Practice Amps Under $200
Blackstar Fly 3
Blackstar’s Fly 3 is a portable guitar amplifier that allows you to take Blackstar's sought after overdriven tone and ISF (analog amp voicing control) wherever you want to.
This 3-Watt combo amp drives a 3" speaker, all packed inside a lightweight enclosure that's around 2 lbs.
For improved portability, this amp is designed to run on either power supply or six AA batteries.
Wrapping up its features is the addition of a built-in tape delay that is modeled after warmer sounding vintage delay pedals.
- Power Rating: 3-Watts
- Speaker Size: 3”
- Models: ISF (Infinite Shape Feature)
- Effects: Overdrive, Delay
- Controls: Gain, Volume, Overdrive Switch, EQ, Delay Level, Delay Time
- Inputs/Outputs: ¼”, AUX-In, Headphone
- Extras: ISF (Infinite Shape Feature), Can run on 6 x AA Batteries
- Weight: 2 lbs
For a small and low power amp, many are surprised at how good its tone is, especially in room settings where you don't have to drive the amp's output too hard. And as expected, most of the commendations point to the Fly 3's portability as its main asset.
There are a few who wish that the power supply is included in the package. Some users note that 3W is a little too quiet for their needs.
The Blackstar Fly 3 is a nice portable battery powered amp for those who are into Blackstar's brand of dirt and high-gain tones.
Orange Crush 12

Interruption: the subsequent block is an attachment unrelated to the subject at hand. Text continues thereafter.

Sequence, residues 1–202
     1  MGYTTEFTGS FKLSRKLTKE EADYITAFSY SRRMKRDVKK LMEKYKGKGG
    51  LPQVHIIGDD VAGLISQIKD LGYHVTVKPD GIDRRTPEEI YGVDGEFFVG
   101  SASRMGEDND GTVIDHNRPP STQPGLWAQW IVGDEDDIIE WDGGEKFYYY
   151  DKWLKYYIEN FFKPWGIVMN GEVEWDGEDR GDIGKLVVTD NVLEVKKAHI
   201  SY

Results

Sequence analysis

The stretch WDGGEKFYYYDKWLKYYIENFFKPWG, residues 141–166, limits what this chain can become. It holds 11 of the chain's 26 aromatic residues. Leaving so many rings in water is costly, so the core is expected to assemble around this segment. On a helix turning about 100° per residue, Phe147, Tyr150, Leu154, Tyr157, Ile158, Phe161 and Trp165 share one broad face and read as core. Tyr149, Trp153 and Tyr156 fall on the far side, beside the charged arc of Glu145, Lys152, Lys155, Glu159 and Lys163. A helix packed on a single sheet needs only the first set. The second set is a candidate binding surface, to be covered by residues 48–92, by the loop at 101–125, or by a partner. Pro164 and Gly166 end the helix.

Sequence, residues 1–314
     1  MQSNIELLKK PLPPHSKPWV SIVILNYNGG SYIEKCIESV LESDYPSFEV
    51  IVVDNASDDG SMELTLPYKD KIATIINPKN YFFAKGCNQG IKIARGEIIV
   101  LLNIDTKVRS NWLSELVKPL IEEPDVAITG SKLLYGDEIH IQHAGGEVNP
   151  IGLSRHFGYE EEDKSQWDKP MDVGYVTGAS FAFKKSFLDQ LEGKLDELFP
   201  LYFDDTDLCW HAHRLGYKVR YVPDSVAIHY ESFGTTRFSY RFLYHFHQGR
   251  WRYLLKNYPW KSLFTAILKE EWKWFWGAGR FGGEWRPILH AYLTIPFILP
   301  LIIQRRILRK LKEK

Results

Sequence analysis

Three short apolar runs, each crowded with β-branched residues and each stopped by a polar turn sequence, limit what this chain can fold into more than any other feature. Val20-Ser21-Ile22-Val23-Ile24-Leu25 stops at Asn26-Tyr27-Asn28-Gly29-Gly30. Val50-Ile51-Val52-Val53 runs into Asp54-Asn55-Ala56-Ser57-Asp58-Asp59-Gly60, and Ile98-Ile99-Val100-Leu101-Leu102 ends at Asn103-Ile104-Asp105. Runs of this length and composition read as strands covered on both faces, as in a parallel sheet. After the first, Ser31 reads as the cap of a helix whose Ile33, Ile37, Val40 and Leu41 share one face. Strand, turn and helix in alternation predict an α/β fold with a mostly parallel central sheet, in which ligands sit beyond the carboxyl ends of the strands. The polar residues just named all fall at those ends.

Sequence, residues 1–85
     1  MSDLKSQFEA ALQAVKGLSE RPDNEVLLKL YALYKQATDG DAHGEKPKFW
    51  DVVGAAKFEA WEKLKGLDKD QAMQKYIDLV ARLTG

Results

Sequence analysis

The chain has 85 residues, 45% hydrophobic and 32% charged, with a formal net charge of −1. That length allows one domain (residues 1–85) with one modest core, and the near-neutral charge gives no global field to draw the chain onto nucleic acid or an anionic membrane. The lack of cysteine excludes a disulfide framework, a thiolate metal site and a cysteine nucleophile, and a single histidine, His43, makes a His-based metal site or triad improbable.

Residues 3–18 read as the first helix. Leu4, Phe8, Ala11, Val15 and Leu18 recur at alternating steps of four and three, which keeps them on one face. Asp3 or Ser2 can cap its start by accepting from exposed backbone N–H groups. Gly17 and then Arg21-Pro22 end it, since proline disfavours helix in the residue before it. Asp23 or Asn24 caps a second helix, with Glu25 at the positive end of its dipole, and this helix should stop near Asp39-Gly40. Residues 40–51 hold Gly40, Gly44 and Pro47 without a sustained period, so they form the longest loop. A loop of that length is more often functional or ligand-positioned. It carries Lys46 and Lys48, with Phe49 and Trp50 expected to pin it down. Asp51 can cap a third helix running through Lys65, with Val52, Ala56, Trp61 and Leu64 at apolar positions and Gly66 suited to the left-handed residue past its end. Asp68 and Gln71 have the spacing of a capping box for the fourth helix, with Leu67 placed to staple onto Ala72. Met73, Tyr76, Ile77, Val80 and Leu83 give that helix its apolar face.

Practice amps need not be complicated to be effective, and this is exemplified by the success of Orange Crush 12.
Unlike other practice amps that are packed with amp models and effects, this one sticks to Orange' distinct dirt tone, and based on reviews, users love this amp's easy plug-and-play design.
Rated at 12 Watts and with a 6" speaker, this amp has enough juice for personal practice and even for a small group jams.
Controls follow classic amp setup with 3-band EQ and volume, the main difference is the ability to adjust overdrive and gain independently in addition to the volume knob.
- Power Rating: 12-Watts
- Speaker Size: 6”
- Models: N/A
- Effects: Overdrive
- Controls: Volume, Treble, Middle, Bass, Overdrive, Gain
- Input/Output: ¼”, AUX-In, Headphone
- Extras: None
- Weight: 10.4 lbs
Many are impressed with how good this amp sounds, especially when considering its small 6" speaker. And the ease of getting good tone is also mentioned by users who use different guitar models and playing styles. It is also often commended for its durability and reliability.
Aside from its default Orange tone, there's not much room to play with, so this is is not ideal for those who want to try different voicings and effects right on the amp.